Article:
They came for the rocks and they stayed for…well, it’s best not to ask those questions. The locals of Lightning Ridge clearly had rocks in their heads, although to what degree scraping around in the dirt had made them rich was anyone’s guess.
An outback mining town in north-western NSW, way past the fertile crops of the Moree plains, where birds gorged themselves stupid on grain spilt from trucks. It was a bumping season and the silos were full as the birds. Too fat to fly, the birds beat their wings but hardly as the car roared past, gaining enough height only to become a pulverised smear on your windscreen and front grill. Hours of diligent attention to Red the Mungindi butcher’s directions (“Over the Moonie Bridge and chuck a right, go a t-intersection and chuck another right then go past a few houses and chuck a left”) had brought me to the black opal capital of Australia.
Lightning Ridge: Population? the sign at the edge of town drolly informs. You could take that question mark – which curls in a grand, serif circle like a treasure map, ending with an emphatic dot that marks the spot – and plaster it all over town. All over the faces of the coy shopkeepers who specialise in sterile small-talk. All over the aimless dirt tracks that roam over abandoned claims, past mounds of discarded boulders and oddball shacks built with such classic building material as whatever was lying around, mate. You could suspend the question mark above the conversations that rise like the steam just past midnight in the 40-degree concrete bore bath. Communal bathing has always been a sly, glancing exercise in assumption and supposition. You boil your brains and sweat out secrets, size up barely-clad strangers and wonder who they really are.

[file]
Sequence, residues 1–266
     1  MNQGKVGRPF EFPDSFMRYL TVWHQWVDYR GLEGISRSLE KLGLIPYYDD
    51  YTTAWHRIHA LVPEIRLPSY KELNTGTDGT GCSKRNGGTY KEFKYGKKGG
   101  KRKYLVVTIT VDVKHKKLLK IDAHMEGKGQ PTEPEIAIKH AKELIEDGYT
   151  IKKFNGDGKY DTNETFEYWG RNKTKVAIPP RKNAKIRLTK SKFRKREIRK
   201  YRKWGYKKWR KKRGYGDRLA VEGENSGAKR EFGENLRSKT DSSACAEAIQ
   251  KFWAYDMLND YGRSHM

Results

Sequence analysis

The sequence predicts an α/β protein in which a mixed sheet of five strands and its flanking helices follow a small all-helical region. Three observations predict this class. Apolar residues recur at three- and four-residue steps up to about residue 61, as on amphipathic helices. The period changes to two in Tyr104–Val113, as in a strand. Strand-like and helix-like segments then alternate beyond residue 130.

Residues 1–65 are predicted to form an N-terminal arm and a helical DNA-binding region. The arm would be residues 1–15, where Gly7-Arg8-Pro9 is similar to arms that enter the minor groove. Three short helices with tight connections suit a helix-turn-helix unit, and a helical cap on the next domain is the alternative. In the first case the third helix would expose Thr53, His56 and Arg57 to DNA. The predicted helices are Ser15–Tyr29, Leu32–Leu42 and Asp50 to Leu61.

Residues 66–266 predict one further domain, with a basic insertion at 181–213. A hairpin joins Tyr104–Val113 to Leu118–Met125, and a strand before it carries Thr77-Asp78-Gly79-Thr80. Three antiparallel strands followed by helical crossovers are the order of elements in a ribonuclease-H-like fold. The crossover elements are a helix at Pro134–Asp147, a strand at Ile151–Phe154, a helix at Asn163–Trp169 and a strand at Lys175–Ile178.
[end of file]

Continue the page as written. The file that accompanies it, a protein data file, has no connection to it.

That question mark sign, which greets you at the door, sets the ground rules. It tells you you’re a stranger here, that you’ll never understand so don’t ask. It’s an unsettling sign designed to unsettle the outsider, under the pretence of mild humour. Or maybe I was just paranoid. It’s certainly an accurate sign. The population varied depending on who arrived, left, or was murdered and thrown down a mine shaft, never to be seen again.
“You start asking questions here and they’ll never find you,” said the helpful woman at the visitors’ centre when I started asking questions. “We have friends who have mines and I have no idea where they are. Don’t ask. Otherwise your life is not worth living. You could disappear.”
She needed no encouragement to outline such a scenario, and this she mused calmly, as if thinking aloud her plans for the evening: “Hit you on the head, throw you down a hole, chuck a couple of shovels of dirt over you, throw a dead kangaroo on top and no one’s gonna go pokin’ round looking for ya…”
She seemed to know all the tricks, and it was true that in the past couple of years at least two people had gone missing in Lightning Ridge and are still missing. It was how you dealt with ratters: people who tried to steal from your claim. But the best way to deter ratters was to appear poor. You couldn’t protect what was under the ground, and if it looked liked you’d struck it rich the game was up.
Money, money money, the town looked cooked, fried and broken but it gave away a few clues. For instance, what was up with the swimming pool? An enormous complex, Olympic-sized everything, waterslide, diving pool, a water fun-park that wouldn’t look out of place at Dreamworld or Disneyland. Where did the money come from? Answer: the town folk.
And under the stars in the hot bore baths cars pulled up and shone in headlights to see who was there, then drove away into the outback night, leaving only dust, steam and silence.